The Guardian has come up with a pleasant background piece on Blackwell’s Bookshop in Oxford. I still have happy memories of visiting the place with my fellow students during our three-week trip to Stratford-upon-Avon, Oxford, and London back in the spring of 1980. I picked up Penguin paperback editions of As You Like It and Romeo and Juliet. A few days later, in London, I pilfered C.S. Lewis’s The Allegory of Love, English Literature in the Sixteenth Century, Excluding Drama, and Selected Literary Essays from Foyle’s. I wish I had gotten Albert Baugh’s A Literary History of England, too–it was available–but I am happy with the books I did get. They stood me in good stead for years.
I’m also very happy, looking back, to have seen Sinead Cusack (Jeremy Irons’s wife) in her prime performing in As You Like It at the RSC in Stratford, along with Sue Fleetwood. And it was a privilege for all of us to see a young Jonathan Pryce (the High Sparrow from Game of Thrones and the Bond villain in Tomorrow Never Dies) doing a marvelous turn as Hamlet in a London production of that play. The ghost of Hamlet’s father did not merely speak to his son in that performance: for a few frightening moments, it possessed him, and spoke through him–a scene impossible to forget.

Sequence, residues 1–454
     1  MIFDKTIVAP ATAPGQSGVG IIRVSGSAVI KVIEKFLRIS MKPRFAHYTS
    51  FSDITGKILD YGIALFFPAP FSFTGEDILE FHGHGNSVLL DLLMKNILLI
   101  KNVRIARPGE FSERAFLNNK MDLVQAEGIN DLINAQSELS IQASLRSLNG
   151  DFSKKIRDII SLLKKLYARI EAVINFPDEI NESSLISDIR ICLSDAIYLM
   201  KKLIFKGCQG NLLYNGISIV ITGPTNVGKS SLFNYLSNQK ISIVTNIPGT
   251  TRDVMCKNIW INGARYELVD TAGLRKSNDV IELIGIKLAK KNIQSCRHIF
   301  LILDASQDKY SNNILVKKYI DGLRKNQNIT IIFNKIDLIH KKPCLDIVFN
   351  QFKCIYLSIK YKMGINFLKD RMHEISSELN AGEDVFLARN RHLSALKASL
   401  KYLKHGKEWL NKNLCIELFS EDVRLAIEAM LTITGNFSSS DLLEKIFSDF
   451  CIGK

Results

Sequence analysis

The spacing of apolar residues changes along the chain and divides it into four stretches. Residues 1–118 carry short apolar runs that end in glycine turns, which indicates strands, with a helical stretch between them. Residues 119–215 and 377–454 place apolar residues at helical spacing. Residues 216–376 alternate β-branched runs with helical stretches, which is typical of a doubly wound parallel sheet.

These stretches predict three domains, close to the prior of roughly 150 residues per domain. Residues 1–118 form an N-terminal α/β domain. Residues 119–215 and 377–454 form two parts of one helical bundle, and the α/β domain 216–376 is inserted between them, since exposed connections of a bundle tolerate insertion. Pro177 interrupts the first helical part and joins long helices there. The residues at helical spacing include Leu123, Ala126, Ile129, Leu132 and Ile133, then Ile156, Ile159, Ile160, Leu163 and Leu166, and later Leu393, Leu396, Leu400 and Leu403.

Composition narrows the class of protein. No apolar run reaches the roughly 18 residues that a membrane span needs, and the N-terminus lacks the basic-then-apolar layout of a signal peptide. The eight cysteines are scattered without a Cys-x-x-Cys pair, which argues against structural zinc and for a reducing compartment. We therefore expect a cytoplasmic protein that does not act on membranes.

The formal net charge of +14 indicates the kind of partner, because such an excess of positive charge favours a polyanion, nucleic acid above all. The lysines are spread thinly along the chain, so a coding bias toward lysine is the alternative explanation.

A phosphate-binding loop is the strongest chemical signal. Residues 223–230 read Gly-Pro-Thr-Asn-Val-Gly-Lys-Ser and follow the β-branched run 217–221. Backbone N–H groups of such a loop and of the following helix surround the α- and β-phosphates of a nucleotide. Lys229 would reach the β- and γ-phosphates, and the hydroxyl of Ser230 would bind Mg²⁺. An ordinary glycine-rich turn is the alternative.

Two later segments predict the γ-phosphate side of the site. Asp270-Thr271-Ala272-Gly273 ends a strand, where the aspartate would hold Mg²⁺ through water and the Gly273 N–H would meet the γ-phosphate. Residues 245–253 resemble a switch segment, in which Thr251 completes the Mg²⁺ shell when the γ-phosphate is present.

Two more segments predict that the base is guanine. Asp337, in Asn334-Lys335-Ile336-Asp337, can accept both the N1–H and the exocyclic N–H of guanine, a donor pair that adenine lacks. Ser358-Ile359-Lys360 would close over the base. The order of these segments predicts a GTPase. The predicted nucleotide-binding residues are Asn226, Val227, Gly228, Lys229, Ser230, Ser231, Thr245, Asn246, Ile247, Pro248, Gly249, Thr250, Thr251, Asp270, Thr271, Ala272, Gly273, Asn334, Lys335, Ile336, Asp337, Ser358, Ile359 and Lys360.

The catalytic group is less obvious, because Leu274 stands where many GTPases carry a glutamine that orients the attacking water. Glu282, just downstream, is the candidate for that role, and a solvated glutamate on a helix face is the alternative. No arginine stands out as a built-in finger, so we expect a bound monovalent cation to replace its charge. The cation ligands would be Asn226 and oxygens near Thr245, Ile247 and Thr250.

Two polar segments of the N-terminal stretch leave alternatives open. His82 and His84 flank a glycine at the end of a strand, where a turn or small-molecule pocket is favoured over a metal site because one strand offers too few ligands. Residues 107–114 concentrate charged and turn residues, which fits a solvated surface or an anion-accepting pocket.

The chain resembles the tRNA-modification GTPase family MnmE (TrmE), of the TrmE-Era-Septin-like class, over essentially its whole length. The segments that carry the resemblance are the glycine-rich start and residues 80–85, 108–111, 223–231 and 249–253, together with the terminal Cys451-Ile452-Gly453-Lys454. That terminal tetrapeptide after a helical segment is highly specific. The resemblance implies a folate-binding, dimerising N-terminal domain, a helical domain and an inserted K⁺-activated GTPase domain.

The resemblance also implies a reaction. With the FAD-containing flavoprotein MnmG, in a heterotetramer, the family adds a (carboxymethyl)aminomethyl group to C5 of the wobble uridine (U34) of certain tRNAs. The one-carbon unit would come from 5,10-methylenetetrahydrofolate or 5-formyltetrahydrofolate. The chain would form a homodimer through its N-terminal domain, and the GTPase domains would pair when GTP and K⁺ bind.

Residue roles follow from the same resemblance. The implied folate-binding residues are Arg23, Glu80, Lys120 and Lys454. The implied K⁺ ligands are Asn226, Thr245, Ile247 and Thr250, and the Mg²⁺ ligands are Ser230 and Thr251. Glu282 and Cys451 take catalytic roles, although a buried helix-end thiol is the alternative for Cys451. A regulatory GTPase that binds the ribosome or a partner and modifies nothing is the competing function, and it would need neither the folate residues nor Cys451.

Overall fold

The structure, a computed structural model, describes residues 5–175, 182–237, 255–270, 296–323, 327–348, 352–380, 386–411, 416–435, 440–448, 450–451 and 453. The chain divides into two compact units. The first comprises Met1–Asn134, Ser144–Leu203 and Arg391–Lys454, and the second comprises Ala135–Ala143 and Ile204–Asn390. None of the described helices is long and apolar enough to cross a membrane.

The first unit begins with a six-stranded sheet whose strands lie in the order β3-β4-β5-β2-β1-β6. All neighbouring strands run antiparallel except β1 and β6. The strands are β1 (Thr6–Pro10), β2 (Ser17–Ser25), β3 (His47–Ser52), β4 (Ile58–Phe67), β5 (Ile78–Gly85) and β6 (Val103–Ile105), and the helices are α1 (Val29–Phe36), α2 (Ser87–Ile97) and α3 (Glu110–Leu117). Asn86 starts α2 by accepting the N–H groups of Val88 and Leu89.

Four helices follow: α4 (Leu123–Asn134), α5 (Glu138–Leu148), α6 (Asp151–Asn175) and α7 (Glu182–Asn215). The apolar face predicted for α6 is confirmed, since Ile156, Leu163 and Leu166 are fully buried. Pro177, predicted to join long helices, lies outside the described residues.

I wish–and everyone wishes this–that I could have somehow hung on to more memories of that trip. Beautiful fragments are still there: Winston Churchill’s Blenheim Palace and eating a piece of fudge on the lovely, manicured grounds; the delightfully-rickety staircase at the bed-and-breakfast where our group stayed in Stratford; my early, comic mistakes in mastering the roundabout on the way to a Shakespeare seminar there; my jaunty little British cap being blown off my head by the breeze on the bus, yet snared by the long arm of my friend Mike before it soared off into oblivion; freezing to death the morning we visited Stonehenge.
I wish also–something deeper, something more–that I had not been quite so young back then. I was twenty-four, but far less confident and experienced than I wanted to be. I could relate to several of my tour companions, but the intelligent and almost overwhelmingly sensual Lucretia Maddox left me in the dust. She was on a level everyone could get to but me. The trip was, of course, a great opportunity for growth, and all of us did some of that (even Lucretia), but I came back home feeling like I had missed as much as I had gained, that I did not see and hear nearly as much as I wanted to. Yet I can only hope that my traveling companions, my instructors at Stratford, and my professors in college knew how much they meant to me during our time together.